Social Media Marketing 101: Part 1 - Choose Your Platforms

For the next few weeks, we'll run a series of posts that offer some basics for your social media marketing. If you follow along, you should be able to build a basic strategy for your overall social media marketing and pick up a few best practices and tactics for each of the platforms that we cover. This week, we cover how to choose the right platforms for your business. Starting next week, we'll go through a few of the platforms one-by-one and provide a few tips that will help you get the most out of each of your social accounts.

When you're selecting social media platforms for your account, it's important to consider three major factors.

  1. Where do your customers hang out online?
  2. What forms of social media showcase your products and services best?
  3. Where do you want to hang out online?

If you've been following SSG a little while, you know that we'll always tell you to consider your customers first. Your customers' needs, expectations, and desires for your social participation should drive a lot of your decision. If all of your customers are on Pinterest, you should seriously consider a Pinterest account, even if you have never even opened the website before. The reason is pretty simple: If you don't fill their feed, someone else will. Your customers will not miss you, or even realize that you're not in their feed. But they might take notice of a competitor if that company does participate in their favorite social media.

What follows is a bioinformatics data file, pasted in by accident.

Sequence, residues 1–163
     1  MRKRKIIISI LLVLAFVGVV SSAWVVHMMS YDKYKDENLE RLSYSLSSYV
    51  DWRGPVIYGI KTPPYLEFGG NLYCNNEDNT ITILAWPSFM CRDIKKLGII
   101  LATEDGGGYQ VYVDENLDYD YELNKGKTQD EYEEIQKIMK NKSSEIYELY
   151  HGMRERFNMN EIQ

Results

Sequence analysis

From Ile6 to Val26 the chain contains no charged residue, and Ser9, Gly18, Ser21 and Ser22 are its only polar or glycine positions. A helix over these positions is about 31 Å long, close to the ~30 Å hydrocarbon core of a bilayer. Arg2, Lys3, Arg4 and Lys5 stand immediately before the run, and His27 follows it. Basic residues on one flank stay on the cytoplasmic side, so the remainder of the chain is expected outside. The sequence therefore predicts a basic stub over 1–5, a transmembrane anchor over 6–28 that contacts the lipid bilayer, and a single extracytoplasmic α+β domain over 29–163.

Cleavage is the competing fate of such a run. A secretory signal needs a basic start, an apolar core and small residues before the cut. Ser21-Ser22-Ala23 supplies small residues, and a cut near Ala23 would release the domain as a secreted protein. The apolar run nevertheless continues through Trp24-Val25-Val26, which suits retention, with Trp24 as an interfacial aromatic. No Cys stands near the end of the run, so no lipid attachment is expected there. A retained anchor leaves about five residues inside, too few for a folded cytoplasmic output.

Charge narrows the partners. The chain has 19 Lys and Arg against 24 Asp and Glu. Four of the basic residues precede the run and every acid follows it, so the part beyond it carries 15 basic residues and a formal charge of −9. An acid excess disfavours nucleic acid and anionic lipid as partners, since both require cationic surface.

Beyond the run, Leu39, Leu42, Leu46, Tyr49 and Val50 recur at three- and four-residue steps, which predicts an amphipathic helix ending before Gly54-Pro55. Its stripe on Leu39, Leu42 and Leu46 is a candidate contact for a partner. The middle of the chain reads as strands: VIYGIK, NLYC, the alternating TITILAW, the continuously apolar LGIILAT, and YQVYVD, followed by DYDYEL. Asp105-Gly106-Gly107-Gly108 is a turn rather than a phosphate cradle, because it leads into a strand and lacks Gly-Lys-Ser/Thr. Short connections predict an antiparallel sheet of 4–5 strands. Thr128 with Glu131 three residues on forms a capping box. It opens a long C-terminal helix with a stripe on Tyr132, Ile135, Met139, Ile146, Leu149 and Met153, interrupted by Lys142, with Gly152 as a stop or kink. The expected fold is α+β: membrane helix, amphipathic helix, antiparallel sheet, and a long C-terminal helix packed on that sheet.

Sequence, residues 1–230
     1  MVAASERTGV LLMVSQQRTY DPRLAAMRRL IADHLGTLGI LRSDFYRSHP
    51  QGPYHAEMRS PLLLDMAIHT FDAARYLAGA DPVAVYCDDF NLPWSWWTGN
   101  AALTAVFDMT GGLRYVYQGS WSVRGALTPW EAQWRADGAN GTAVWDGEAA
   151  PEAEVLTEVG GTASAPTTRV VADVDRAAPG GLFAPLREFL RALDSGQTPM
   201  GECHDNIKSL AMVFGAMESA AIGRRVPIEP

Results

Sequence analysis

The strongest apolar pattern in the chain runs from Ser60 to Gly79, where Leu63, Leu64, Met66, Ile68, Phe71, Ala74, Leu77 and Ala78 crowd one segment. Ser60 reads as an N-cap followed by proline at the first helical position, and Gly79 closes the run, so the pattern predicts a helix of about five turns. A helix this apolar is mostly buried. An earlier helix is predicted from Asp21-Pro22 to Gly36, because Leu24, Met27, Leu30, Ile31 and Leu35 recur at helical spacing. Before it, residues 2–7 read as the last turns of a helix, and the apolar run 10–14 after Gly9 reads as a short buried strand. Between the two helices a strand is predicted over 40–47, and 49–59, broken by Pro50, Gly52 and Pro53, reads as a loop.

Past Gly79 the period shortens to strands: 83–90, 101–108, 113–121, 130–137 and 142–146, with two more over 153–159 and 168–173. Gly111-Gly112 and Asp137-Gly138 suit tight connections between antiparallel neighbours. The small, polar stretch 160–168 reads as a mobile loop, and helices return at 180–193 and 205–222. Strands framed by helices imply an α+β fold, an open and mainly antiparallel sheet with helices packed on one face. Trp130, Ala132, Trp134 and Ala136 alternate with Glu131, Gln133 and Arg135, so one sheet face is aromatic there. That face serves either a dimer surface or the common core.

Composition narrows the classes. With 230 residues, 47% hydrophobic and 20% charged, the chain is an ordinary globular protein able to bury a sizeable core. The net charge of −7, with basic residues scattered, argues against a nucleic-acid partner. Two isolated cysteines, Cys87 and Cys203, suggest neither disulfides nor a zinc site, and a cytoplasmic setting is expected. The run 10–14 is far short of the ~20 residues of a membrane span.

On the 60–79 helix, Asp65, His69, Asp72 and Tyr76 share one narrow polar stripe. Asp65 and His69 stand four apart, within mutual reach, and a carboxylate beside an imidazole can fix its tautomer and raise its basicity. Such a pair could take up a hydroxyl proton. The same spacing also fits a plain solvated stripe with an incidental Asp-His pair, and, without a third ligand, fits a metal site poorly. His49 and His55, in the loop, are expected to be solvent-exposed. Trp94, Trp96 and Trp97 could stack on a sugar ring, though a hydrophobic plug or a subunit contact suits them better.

Second, consider your offering. If you sell a product that shows beautifully in photographs, you probably need to be showing your stuff on Instagram. If you are a thought leader who offers a service, you probably need to be leading conversations on Twitter and maybe even Blab. If you can create instructional videos for your product, service, or method, YouTube is still a fantastic social platform. Use the platforms that best highlight your offering to increase awareness, build interest, and connect with people who take notice of your brand.

Finally, think about where you want to be. This is more important if you are a solopreneur, thought leader, or run a very lean operation. If you own a products business and do not like spending time on social media, you can easily outsource this to a social marketing manager or hire a marketing firm to manage your accounts. On the other hand, if you operate a solo business and cannot afford to hire someone, spend your time where it will count the most. Use the platforms where you feel comfortable and enjoy spending your time. You'll get the most out of them and be able to leverage the connections you make to build your brand and business.


Do you need help with your social media marketing strategy? Contact us to learn how we can help grow your business through social media.